Why John Candy Wanted No Part Of Ghostbusters

It’s always fun to play "What if?" casting games after a hit movie has run its course. What if Tom Selleck had played Indiana Jones, after all? This one is new though. Or, "new to me," because I’d never been aware of the fact that John Candy was up for Rick Moranis’ part in Ghostbusters -- or the reason why he turned it down.

This comes up as part of EW’s lengthy oral history on Ghostbusters, which celebrates its 30th anniversary this year. The piece is a terrific read, packed with trivia about the making of Ivan Reitman’s classic comedy. And in that mix, Reitman tells the story about how Candy, who had just worked with the director on the 1981 comedy Stripes, was up for the neighbor role that eventually went to Moranis. Reitman recalls:

He didn't like the treatment that I had sent. He didn't get it. He said, ‘Well, maybe if I played him as a German guy who had a bunch of German shepherd dogs.’ I said, ‘Well, maybe you can do it with an accent, but I don't think all that's really necessary.’"

As the director remembers it, Rick Moranis basically read the script and jumped at the chance once John Candy officially said no. After reading it, he immediately replied to Reitman and told him, "Wow, please thank Candy for me. This is the greatest thing I ever read."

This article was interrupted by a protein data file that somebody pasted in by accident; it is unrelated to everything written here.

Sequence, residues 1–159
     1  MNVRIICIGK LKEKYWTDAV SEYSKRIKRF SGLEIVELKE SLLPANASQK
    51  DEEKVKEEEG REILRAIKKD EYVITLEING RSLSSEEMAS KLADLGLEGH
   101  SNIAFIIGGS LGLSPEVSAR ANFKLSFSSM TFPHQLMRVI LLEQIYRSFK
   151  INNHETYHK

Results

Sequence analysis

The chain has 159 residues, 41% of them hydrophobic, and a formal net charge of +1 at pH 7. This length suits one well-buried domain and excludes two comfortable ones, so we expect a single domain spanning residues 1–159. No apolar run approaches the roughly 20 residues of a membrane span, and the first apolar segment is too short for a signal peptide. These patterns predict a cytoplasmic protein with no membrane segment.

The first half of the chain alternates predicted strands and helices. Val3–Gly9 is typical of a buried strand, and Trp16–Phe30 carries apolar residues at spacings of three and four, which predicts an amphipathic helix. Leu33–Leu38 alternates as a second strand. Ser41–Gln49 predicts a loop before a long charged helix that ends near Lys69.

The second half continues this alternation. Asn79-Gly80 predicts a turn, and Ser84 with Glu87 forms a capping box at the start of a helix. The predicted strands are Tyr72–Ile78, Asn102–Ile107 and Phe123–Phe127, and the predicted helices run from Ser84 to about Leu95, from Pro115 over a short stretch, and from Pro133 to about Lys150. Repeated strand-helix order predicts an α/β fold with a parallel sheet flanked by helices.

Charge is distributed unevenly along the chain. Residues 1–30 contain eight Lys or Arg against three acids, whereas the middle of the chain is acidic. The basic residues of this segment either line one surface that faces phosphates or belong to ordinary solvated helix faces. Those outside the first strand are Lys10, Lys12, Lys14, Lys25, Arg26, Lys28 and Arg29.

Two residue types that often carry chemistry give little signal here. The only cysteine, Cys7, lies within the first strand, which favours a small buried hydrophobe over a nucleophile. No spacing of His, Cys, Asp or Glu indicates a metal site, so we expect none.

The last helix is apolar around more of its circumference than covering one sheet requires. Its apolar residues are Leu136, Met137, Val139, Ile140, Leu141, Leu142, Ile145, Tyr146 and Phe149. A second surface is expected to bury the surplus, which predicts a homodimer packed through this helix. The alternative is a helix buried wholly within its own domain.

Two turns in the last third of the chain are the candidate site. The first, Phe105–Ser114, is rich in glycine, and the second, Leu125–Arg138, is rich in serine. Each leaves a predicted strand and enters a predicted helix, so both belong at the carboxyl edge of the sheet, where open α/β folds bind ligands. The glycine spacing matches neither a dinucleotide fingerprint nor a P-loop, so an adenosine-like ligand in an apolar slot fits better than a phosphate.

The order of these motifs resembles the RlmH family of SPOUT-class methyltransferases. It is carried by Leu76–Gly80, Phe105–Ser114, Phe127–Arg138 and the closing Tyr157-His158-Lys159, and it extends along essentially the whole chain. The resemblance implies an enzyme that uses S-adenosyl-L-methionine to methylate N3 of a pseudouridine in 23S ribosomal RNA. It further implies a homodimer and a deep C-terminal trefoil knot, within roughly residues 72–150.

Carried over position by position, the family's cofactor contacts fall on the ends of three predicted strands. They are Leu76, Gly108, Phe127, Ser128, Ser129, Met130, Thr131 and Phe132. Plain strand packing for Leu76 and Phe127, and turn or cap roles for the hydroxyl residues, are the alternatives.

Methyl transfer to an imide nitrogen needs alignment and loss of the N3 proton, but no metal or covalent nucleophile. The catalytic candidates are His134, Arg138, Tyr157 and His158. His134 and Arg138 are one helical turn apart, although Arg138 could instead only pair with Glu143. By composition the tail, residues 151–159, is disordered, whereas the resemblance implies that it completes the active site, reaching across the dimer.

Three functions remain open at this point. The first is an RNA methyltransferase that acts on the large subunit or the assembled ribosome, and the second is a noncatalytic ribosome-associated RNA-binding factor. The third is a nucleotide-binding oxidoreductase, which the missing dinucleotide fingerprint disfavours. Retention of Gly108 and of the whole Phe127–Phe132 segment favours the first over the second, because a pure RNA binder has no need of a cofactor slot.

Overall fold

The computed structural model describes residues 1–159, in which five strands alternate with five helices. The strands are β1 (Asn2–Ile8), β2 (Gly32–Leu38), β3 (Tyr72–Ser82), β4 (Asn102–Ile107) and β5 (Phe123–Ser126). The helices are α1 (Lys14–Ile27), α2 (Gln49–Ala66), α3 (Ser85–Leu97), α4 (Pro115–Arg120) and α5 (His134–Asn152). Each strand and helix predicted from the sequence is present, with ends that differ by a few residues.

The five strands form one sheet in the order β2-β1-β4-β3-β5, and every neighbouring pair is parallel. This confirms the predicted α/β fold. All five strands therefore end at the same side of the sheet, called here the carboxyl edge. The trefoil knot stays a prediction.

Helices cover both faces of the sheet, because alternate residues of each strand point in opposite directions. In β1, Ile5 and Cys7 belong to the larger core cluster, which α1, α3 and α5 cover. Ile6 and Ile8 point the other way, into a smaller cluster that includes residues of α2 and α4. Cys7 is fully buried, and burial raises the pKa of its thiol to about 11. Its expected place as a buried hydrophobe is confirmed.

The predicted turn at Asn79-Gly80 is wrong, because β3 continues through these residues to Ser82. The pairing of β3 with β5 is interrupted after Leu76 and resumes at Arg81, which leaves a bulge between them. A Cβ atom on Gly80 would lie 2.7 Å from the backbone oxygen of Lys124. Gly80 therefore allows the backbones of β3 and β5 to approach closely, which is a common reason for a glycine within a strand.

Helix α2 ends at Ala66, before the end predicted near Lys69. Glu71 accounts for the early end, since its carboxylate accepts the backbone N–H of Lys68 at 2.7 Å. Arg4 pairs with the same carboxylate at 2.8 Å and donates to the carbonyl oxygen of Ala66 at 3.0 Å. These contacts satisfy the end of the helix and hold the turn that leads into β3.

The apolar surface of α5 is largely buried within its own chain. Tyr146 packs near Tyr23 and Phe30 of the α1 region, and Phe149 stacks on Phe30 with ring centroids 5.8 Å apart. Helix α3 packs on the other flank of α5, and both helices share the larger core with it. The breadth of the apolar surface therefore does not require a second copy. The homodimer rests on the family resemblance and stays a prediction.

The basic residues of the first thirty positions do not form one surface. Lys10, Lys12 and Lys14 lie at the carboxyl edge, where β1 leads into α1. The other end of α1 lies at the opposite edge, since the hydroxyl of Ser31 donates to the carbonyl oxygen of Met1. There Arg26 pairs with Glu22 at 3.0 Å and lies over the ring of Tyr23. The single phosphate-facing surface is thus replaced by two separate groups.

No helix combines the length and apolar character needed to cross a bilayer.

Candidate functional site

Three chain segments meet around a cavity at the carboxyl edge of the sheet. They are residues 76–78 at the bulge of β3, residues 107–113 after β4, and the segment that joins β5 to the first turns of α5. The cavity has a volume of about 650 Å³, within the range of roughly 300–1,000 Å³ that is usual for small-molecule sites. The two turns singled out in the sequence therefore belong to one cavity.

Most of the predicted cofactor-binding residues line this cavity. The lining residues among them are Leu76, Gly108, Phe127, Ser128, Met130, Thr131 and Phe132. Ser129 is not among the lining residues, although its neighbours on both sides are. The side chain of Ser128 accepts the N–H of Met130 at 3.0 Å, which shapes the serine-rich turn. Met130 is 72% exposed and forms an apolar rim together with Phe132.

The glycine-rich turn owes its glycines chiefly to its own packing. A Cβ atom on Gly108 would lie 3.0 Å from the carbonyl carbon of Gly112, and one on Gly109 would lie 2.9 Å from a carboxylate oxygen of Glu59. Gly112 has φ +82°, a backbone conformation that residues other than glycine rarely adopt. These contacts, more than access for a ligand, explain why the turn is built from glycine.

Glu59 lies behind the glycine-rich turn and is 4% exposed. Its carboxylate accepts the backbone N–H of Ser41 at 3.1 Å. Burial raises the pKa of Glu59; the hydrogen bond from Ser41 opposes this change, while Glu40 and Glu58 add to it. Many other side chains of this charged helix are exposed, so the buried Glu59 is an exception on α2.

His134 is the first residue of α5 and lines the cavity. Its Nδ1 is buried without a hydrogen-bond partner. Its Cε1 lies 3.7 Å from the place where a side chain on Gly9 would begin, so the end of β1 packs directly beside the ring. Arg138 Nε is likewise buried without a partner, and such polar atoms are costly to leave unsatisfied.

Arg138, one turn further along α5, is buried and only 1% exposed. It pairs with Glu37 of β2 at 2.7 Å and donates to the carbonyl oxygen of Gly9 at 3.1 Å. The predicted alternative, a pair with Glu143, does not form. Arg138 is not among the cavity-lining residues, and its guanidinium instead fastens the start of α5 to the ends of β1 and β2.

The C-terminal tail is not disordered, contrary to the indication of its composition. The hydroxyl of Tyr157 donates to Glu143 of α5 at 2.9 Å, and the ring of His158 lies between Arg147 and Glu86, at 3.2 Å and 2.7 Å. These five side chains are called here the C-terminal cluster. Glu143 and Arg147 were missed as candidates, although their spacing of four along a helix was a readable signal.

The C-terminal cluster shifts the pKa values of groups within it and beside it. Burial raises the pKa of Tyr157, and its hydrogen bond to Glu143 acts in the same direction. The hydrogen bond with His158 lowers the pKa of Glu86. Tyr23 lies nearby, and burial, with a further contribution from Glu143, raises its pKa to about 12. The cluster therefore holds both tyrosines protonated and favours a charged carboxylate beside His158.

Was Ghostbusters a career-defining role for Rick Moranis? Close, but not exactly. If you asked me what part I picture him first, I’d got to either Strange Brew or Honey, I Shrunk the Kids before I remembered Louis Tully in the two Ghostbusters films. John Candy passing on the part likely cost him a shot at donning a proton pack in the sequel. This scene would have played out very differently.

Did it work out for Candy? You could say. The incredibly gifted comedian showed up in his own smash hit in 1984 – the mermaid comedy Splash. He followed that up with Brewster’s Millions, Summer Rental and Volunteers (also with Tom Hanks) in 1985. Ghostbusters might not have catapulted him into the stratosphere, but really, John Candy was well on his way to superstardom with our without the help of some busted ghosts.

Sean O'Connell
Managing Editor

Sean O’Connell is a journalist and CinemaBlend’s Managing Editor. Sean created ReelBlend, which he proudly cohosts with Jake Hamilton and Kevin McCarthy. And he's the author of RELEASE THE SNYDER CUT, the Spider-Man history book WITH GREAT POWER, and an upcoming book about Bruce Willis.